How do write-downs affect the LIFO election?
LIFO is a cost method. Write-downs from cost are not permitted. A taxpayer as part of the election must restore to the base year inventories all cost write downs to items on hand. This means restoration must be made to the beginning inventory in the first year covered by the LIFO election.
The write downs that must be restored (and that cannot be subsequently claimed as long as the LIFO election is in effect) include "lower of cost or market" write downs, Treas. Reg. section 1.471-4, as well as "subnormal goods" write-downs. See Treas. Reg. section 1.471-2, Rev. Rul. 76-282, and Rev. Proc. 76-28, 1976-2 C.B. 645.
Under elections made prior to December 31, 1981, the restoration had to be made on an amended return for the tax year immediately preceding the year of the LIFO election. See Rev. Proc. 76-6. For elections made after December 31, 1981, IRC section 472(d) requires the restoration to be made pro rata over 3 tax years beginning with the year of the LIFO election. The 3-year analysis that is required to be attached to the Form 970 provides the information for the restoration.
The use of the lower of LIFO or cost or market for financial statements is not a violation of the conformity requirement although the write-down must be restored for tax purposes. See TAM 8402015.
How can the LIFO election be terminated?
The service can terminate the use of the LIFO method by a taxpayer who has adopted LIFO without filing Form 970. There may be an exception to this rule if the taxpayer includes all of the information on the tax return that is required on the Form 970. Fischer Industries Inc. and Subsidiaries v. Commissioner, 87 T.C. 116 (1986).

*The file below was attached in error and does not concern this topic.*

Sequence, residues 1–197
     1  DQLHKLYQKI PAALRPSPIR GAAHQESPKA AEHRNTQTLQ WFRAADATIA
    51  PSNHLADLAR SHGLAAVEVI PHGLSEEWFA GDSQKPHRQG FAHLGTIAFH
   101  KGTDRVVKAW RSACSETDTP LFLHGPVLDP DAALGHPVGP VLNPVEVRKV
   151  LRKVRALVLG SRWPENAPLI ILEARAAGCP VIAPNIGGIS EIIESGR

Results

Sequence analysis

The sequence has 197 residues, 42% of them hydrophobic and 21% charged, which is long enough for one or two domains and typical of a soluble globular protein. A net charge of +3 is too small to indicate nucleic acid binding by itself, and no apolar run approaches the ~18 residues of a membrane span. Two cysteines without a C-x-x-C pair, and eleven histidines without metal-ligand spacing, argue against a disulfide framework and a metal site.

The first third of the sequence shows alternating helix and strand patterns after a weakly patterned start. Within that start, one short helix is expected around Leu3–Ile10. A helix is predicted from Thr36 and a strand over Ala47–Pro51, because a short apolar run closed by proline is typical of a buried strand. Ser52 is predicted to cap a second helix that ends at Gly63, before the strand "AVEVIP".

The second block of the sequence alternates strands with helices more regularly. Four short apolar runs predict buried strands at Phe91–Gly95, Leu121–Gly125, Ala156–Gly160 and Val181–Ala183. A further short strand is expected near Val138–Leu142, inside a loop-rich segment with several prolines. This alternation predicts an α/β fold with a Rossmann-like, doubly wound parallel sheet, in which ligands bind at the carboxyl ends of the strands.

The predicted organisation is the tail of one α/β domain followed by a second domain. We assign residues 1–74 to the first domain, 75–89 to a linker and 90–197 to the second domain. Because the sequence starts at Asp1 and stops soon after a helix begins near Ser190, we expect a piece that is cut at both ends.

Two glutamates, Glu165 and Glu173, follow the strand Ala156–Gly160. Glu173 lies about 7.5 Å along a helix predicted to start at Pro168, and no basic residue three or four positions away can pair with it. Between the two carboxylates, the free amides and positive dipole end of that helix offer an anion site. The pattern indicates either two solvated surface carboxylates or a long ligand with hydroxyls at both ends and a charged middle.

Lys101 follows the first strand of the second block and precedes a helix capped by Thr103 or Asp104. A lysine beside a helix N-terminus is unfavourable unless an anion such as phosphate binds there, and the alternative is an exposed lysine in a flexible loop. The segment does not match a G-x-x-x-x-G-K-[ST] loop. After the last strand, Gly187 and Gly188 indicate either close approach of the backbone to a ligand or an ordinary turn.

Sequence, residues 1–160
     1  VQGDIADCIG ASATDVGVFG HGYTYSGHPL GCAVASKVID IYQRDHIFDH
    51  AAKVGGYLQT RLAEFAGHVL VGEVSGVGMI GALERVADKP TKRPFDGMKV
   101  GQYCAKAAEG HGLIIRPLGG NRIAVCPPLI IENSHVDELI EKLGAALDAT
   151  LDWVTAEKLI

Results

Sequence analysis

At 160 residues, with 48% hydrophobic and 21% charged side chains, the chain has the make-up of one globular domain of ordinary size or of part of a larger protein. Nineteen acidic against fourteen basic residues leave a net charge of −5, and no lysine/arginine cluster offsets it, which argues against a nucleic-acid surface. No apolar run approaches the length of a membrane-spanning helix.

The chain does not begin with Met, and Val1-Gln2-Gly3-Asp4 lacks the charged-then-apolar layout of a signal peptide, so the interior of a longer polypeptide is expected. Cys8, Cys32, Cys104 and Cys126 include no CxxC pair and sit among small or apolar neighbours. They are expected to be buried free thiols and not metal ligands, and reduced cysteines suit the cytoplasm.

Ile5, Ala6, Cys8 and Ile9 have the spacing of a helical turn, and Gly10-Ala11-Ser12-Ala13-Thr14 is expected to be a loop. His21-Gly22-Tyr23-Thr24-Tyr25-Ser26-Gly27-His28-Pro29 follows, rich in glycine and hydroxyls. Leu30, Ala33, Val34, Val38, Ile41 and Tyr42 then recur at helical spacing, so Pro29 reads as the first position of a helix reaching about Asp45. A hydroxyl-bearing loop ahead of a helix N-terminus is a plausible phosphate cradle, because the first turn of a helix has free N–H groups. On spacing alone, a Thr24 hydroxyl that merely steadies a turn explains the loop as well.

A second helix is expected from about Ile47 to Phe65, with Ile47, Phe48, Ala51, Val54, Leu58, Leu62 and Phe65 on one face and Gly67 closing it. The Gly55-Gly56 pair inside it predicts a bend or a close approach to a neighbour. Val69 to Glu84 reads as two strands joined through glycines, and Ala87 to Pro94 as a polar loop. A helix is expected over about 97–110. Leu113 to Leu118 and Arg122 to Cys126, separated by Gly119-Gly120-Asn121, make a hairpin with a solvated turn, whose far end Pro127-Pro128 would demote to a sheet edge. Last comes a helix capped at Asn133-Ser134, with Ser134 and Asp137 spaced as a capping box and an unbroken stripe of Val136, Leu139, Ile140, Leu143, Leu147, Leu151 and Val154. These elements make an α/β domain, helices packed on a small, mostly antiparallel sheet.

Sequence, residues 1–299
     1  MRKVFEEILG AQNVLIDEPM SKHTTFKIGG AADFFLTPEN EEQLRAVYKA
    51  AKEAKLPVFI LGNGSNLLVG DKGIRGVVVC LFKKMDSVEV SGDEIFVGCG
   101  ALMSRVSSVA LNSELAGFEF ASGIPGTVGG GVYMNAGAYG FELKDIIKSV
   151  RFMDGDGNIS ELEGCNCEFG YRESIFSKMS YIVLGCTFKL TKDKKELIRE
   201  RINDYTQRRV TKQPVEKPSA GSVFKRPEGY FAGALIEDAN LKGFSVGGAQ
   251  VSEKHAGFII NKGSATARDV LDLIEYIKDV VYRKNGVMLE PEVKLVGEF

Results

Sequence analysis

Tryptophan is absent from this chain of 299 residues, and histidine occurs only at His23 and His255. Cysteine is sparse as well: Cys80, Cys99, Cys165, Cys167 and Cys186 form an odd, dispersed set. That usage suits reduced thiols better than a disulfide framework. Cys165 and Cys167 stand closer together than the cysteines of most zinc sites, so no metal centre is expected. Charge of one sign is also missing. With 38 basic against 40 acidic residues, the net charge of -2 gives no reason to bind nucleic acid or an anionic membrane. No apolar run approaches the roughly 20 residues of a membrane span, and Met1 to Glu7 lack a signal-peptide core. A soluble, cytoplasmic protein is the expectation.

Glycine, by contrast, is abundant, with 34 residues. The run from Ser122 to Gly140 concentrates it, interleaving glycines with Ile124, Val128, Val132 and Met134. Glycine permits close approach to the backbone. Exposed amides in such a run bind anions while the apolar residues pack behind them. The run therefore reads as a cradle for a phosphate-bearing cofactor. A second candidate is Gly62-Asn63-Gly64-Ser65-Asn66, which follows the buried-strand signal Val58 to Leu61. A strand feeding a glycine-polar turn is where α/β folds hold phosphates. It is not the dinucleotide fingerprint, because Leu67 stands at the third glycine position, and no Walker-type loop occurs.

The method may also be terminated if the financial reporting requirements are not complied with (see above), or adequate records are not maintained (see above).
The 1987 Revenue Act added IRC section 1363(d), which requires that a C-Corporation using the LIFO method who converts to an S-Corporation must recapture its LIFO reserve and pay the tax over a 4 year period. This provision was effective after December 17, 1987.
For more information, refer to Rev. Proc. 79-23, 1979-1 C.B. 564, 1979.
The examination of an auto dealership's LIFO begins with a determination of the appropriateness of the taxpayer's indices. A complete examination of the taxpayer's computations would require a great deal of both the Government's and taxpayer's time and resources. The agent should determine if issues are likely to exist, before embarking upon a complete examination of these indices.